The principles of weight management often focus on two areas: eating and physical exercise. The onus falls on you to control your calorie intake and portion size and to ensure that you regularly undertake some sort of exercise; cardiovascular, strength training – the choice is yours. And while it’s useful and advisable to find practical ways so you can balance your calorie intake and expenditure, whether you succeed or fail in reaching and maintaining your preferred weight may not  solely rest on your individual efforts.

Environmental risk factors will also need to be considered, and your exposure to chemicals is one of the factors which can influence your weight.


If they are now so ubiquitous in the environment and general products, is it possible to avoid them? I believe there are ways to take small, yet significant steps to achieve this.

  1. Firstly you could check what’s inside and choose products which are free of synthetic chemicals including phthalates, parabens, colours and fragrances.
  2. Secondly you could check what’s visible outside and switch to products with different packaging, and select those which use glass and paper instead of flexible, squeezy plastic tubes. You can also store foods at home in glass containers.

(It’s worth noting that companies and manufacturers are now encouraged to proceed with caution – and instead of replacing one dubious phthalate with another, to omit them completely from their products. If you’re scanning labels or packaging you could look out for particular names. You could start with DEHP (di-2-ethylhexyl phthalate), DBP (di-butyl phthalate), DiNP (di-isononyl phthalate), BBP (benzyl butyl phthalate), DnOP (di-n-octyl phthalate), BBzP (butyl benzyl phthalate), DnBP (dibutyl phthalate), DEP (diethyl phthalate), DiBP (di-isobutyl phthalate), DPP  (dipentyl phthalate), DiBP (di-isobutyl phthalate), DnOP (di-n-octyl phthalate) or DcHp (dicyclohexyl phthalate). As you recall they are a huge class of chemicals.)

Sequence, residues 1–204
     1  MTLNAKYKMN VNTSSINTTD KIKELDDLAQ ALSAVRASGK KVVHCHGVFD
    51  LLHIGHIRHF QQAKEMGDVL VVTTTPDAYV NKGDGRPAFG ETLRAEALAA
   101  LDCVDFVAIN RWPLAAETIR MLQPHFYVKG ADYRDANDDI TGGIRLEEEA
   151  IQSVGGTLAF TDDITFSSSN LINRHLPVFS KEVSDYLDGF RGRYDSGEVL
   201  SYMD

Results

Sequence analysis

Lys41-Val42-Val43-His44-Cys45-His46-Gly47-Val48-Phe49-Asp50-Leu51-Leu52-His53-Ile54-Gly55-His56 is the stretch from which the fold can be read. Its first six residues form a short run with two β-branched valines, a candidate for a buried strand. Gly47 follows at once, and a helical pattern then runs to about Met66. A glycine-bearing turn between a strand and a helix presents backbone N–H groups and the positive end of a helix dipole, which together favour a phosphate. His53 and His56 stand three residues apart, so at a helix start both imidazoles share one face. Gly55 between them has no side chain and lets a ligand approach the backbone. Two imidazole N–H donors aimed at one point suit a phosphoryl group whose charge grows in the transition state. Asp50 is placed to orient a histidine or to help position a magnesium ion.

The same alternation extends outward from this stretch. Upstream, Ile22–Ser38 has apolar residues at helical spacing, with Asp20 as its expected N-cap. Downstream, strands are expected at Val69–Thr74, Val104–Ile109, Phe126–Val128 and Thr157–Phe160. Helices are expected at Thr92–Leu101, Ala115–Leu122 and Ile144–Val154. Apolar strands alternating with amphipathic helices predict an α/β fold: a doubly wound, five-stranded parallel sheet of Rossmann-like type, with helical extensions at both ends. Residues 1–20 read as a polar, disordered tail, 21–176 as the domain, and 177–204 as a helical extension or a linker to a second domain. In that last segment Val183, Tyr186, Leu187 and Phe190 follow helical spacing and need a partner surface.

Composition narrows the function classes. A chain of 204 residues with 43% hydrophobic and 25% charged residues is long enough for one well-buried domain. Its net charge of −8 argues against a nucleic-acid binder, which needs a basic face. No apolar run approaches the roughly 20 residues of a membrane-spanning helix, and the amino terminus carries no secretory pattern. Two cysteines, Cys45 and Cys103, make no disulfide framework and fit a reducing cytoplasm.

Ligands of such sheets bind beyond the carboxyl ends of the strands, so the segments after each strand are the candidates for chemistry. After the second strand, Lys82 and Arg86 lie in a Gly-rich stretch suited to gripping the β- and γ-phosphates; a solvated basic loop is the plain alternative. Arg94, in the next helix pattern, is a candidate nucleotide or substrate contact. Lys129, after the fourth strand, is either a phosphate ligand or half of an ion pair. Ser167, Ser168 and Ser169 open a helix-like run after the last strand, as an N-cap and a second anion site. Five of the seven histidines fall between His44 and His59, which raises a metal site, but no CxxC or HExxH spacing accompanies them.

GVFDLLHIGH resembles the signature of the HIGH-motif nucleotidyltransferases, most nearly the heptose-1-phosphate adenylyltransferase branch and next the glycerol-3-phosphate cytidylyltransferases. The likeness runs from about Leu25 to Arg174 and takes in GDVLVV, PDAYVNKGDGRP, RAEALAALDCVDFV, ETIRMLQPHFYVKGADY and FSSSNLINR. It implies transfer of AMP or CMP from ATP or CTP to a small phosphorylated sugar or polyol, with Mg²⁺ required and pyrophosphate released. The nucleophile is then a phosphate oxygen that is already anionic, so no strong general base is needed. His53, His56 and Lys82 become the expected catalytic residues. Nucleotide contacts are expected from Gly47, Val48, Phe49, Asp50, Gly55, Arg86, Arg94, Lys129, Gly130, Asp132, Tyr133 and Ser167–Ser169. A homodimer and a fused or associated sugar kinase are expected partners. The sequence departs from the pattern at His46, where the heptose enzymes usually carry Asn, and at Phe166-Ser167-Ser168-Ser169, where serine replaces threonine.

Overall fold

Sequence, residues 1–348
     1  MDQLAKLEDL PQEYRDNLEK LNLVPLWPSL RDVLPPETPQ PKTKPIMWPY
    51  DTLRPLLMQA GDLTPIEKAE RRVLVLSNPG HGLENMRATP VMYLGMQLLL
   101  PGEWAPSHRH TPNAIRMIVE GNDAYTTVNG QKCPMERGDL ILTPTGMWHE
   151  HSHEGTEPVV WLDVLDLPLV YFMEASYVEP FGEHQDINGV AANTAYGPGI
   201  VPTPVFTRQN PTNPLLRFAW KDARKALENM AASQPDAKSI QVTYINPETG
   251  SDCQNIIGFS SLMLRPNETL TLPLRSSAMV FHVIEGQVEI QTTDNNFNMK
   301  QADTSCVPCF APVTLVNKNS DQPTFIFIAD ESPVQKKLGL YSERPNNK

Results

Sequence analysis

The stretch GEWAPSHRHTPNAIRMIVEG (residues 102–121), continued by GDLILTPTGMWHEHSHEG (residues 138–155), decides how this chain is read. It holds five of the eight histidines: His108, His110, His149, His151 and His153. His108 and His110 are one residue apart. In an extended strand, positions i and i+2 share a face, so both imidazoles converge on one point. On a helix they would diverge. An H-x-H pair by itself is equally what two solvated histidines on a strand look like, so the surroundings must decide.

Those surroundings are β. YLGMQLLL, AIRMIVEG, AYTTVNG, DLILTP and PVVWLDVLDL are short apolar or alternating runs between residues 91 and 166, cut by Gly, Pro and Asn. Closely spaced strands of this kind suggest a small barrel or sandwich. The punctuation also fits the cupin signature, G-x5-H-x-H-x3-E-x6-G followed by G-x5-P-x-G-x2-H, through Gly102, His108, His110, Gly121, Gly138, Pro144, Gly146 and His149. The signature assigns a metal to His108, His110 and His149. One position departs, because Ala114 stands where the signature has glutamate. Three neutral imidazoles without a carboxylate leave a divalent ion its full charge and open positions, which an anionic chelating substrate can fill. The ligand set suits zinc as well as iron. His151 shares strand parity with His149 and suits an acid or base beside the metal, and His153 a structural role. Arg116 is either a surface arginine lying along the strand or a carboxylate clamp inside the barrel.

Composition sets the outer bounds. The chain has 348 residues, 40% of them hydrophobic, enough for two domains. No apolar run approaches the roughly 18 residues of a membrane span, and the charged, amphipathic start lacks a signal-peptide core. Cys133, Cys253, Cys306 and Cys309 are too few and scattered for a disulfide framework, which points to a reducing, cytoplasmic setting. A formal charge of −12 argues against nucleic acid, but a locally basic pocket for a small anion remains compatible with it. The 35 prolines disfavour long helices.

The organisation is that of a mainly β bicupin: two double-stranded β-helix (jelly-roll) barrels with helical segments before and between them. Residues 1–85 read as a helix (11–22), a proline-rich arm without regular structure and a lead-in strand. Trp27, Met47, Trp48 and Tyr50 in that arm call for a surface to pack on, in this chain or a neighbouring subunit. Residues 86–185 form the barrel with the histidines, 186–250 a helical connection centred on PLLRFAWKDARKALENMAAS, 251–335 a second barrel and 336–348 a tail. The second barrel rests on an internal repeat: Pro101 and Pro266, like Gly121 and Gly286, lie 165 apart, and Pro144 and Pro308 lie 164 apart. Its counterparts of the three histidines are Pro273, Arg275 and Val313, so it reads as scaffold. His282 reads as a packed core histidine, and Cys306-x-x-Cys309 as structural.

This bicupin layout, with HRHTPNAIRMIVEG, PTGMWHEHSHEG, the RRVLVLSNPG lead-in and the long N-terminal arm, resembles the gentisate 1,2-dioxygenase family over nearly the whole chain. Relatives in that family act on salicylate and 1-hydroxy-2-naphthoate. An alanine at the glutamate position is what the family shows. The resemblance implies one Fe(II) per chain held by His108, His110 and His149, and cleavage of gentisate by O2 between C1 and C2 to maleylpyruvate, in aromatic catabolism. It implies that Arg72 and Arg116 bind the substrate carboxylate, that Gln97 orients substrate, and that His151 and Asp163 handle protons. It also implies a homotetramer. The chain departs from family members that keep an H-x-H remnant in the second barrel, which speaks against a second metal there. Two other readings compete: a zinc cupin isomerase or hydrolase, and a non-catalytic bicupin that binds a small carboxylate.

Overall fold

These 2 simple steps mainly focus on the USE and DISPOSAL of plastics within your home but are also a way to stop directing money towards the plastics industry.

It’s quite common to do a detox as part of a weight-loss programme. One reason for this is that fatty adipose tissue can store fat soluble chemicals. As your weight reduces and the volume of fatty tissue on your body decreases, chemicals are released in to your circulation. These are then processed by the liver before being packaged up for elimination in your urine or stool. This is why foods and nutrients which support liver detoxification can be useful to do.

Previously, I’ve explored the importance of opening all your channels – sweating, urinating and defecating – as ways to care for your digestive health and ultimately support your mental health. You can read about it here. But the principles are still the same. If you’re planning to detox it’s important that you are able to rid your body of all that it needs to.

Having a daily bowel movement, drinking enough fluid and body brushing and sweating will be at the top of your action list when you detox for weight loss.

Depending on where you are in your weight loss journey, you may be using particular supplements. This is something to be explored in greater detail in another blog. However, as part of Plastic Free July, you may be willing to reconsider the brands that you usually buy. What about brands that use glass instead of plastic packaging?

If you don’t know of any supplement companies that use glass bottles, I suggest Kiki health, TerraNova, Mushrooms For Life, Wild Nutrition, Viridian or Biocare.
In years to come the idea of a detox may extend beyond what you put in and excrete out of your body. It might even incorporate the everyday consumer products that you use within your home. Environmental pollutants from the plastic industry now pose a cause for concern, particularly since their effect on your endocrine system can promote obesity and increase your risk of type 2 diabetes. Months like Plastic Free July bring the opportunity to take a step-by-step approach and examine the often overlooked habits where you can make a big difference to decrease the use and presence of plastic in your home. Now you can detox your body and detox your home.


Merakist, Robina Weermeijer, Jasmin Sessler at



[1] Kabir, Rahman and Rahman (2015) A review on endocrine disruptors and their possible impacts on human health

[2] Grun and Blumberg (2009) Endocrine disrupters as obesogens